Three months after the letters are issued, the personal representative must file an inventory with the clerk’s office. This inventory gives descriptions and values of the descendent’s property that should pass through probate. Items associated with joint accounts, such as signature cards and deposit contracts, should be attached to the inventory. If property is discovered after the inventory is filed, then a supplementary inventory must be filed. If the estate incurs any income, or sells any assets, these must be reported on the next accounting.
The personal representative must file the decedent’s income tax return. If no estate tax is due, then an Estate Tax Certification must be filed with the clerk.
After paying the valid claims on the estate, the estate’s taxes, and costs of administration, the personal representative must distribute the assets of the estate either according to the will, or according to the intestate succession act (Chapter 29 of the NC General Statutes). Once a distribution is made to a beneficiary, the personal representative should obtain a receipt.
A final accounting must be filed with the clerk within one year of qualifying to serve as personal representative unless he or she got an extension from the clerk. If an extension was granted, the personal representative must file an annual accounting instead. All accounting must be accompanied by cancelled checks or other proof (such as bank statements) for all distributions and disbursements of the estate. The accounting must show the estate’s property values, nature of investments, gains and losses from sale of property, payments, charges, distributions, and the property on hand, if any.
If 30 days from the decedent’s death it is determined that the value of the decedent’s personal property, less liens and encumbrances does not exceed $20,000 (or $30,000 if the surviving spouse is the sole heir), regardless the value of any real property, then a simplified probate procedure may be followed.
First, an executor, heir, or creditor of the estate may file an affidavit for collection, requesting authorization to administer the estate. Once the person is authorized, he or she may distribute the decedent’s personal property in the order provided in N.C. Gen. Stat. § 28A-25-3. After the distribution has been made, the closing affidavit must be filed with the clerk showing the collection, disbursement, and distribution of the personal property. This should be filed within 90 days of the filing of the qualifying affidavit.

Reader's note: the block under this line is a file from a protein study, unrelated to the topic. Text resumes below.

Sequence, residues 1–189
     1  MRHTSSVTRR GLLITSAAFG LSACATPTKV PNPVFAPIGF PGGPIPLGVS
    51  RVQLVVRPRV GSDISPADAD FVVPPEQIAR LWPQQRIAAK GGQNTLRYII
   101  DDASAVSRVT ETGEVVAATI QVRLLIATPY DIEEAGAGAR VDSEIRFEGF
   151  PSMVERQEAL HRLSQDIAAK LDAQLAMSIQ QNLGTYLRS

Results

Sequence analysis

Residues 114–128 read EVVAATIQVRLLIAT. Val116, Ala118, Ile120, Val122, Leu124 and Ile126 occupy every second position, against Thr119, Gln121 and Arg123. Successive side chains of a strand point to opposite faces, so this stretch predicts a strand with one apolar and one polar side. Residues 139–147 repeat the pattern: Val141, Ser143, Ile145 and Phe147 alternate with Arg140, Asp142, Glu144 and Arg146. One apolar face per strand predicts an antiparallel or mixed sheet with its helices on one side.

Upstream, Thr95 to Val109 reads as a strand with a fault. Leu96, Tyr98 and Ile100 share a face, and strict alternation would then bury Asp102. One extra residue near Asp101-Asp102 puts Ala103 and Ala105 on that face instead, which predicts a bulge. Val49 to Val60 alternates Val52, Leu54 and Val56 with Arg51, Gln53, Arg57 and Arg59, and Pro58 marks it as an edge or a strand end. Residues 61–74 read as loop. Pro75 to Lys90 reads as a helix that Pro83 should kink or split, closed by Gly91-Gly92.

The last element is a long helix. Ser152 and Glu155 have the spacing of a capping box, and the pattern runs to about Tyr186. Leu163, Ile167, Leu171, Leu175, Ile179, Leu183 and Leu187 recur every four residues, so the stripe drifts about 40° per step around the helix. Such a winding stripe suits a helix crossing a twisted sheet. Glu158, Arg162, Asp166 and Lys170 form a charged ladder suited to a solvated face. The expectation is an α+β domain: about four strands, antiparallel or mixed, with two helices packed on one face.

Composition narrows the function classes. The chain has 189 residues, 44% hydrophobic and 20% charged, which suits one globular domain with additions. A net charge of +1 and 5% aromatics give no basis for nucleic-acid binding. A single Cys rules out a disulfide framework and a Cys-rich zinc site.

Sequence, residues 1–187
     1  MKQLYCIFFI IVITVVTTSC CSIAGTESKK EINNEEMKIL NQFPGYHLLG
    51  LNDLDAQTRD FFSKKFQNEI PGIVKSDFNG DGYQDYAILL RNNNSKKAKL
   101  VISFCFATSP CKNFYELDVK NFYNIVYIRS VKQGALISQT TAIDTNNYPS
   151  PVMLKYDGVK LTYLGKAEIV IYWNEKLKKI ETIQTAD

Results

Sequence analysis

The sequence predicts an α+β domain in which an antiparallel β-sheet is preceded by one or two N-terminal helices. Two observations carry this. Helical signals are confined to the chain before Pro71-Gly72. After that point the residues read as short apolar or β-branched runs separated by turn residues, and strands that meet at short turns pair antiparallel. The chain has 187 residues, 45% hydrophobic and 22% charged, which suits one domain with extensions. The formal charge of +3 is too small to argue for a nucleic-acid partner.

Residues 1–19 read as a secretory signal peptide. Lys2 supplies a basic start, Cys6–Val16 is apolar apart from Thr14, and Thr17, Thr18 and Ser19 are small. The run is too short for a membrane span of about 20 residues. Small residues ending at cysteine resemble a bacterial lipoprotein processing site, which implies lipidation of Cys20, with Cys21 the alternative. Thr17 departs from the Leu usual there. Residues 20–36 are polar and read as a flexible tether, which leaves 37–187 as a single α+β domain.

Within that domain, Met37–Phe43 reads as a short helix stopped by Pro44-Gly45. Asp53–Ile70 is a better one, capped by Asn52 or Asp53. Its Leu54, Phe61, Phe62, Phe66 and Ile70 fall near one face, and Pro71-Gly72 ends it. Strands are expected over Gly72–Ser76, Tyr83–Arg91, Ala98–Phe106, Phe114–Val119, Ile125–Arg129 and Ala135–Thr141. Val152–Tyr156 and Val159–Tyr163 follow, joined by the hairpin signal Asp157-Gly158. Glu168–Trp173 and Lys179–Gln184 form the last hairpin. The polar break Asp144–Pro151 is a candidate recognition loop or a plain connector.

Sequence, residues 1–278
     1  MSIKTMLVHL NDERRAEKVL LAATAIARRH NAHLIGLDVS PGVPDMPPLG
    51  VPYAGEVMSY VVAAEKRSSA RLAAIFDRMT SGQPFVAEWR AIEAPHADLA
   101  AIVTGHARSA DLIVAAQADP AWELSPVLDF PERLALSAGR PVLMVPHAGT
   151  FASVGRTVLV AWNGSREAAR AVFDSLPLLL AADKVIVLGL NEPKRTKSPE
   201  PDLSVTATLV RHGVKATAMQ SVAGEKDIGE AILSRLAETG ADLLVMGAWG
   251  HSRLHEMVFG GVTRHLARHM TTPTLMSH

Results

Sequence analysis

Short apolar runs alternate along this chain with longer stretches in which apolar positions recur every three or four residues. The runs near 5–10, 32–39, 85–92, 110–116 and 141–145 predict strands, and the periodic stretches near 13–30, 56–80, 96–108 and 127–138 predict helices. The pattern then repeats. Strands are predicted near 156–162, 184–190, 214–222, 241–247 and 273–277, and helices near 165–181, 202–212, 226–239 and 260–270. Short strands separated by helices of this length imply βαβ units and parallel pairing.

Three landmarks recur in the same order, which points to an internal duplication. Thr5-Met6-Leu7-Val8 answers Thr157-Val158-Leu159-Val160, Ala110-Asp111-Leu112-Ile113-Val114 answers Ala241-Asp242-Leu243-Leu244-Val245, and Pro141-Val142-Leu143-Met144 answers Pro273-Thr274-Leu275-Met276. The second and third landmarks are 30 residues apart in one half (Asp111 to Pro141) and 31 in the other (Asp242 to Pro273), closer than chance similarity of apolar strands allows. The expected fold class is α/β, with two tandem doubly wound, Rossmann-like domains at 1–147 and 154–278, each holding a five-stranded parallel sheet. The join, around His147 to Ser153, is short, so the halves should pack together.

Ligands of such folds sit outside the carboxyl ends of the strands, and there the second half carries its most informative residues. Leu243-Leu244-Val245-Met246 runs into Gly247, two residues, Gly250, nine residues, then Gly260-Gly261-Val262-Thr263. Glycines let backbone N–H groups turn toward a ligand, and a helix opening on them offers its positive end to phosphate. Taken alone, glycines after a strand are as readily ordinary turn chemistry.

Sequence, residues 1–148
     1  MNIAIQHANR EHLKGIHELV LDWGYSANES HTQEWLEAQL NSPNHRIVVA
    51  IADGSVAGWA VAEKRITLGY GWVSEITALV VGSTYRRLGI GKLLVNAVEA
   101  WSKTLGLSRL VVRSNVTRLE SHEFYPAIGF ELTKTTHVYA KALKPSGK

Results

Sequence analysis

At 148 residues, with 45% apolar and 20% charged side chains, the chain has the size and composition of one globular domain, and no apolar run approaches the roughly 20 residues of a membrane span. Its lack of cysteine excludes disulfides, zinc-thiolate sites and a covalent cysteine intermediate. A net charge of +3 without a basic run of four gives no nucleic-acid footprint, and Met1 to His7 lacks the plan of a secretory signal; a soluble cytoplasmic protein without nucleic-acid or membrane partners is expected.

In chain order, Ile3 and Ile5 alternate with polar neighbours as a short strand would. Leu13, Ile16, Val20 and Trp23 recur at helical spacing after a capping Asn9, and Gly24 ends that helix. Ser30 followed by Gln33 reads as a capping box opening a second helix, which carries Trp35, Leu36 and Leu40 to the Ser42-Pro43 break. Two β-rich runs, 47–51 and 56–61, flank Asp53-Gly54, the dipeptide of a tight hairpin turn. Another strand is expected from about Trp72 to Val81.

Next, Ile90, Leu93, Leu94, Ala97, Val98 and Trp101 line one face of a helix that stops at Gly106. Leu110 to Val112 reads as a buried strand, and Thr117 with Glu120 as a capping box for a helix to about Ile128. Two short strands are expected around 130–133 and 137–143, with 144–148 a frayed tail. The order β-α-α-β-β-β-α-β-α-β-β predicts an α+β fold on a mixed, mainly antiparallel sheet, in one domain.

If the surviving spouse of a descendent is the sole heir or devisee of the descendent, he or she can petition the court for an order of summary administration. This allows the surviving spouse to proceed with the collection and distribution of the estate without the formalities of regular administration. By obtaining the order, the spouse assumes all liabilities of the descendent to the extent of the value of the property received. If the sale of the decedent’s real estate by the surviving spouse is necessary or desirable, a formal administration is probably necessary.
According to Wake County’s laws, probate can be simple, but it can also be complicated and lengthy. If you need help with the probate of a loved one’s estate, contact our Raleigh office.
If you want to learn how to make the probate process simple for your loved ones when you pass, then contact us to discuss ways to minimize or eliminate probate.
The Law Corner Attorneys help people all over Wake County to include the following areas: Knightdale, Wake Forest, Raleigh, Morrisville, Apex, Wendell, Zebulon, New Hope, Cary, Rolesville, Fuquay-Varina, Holly Springs, and Garner.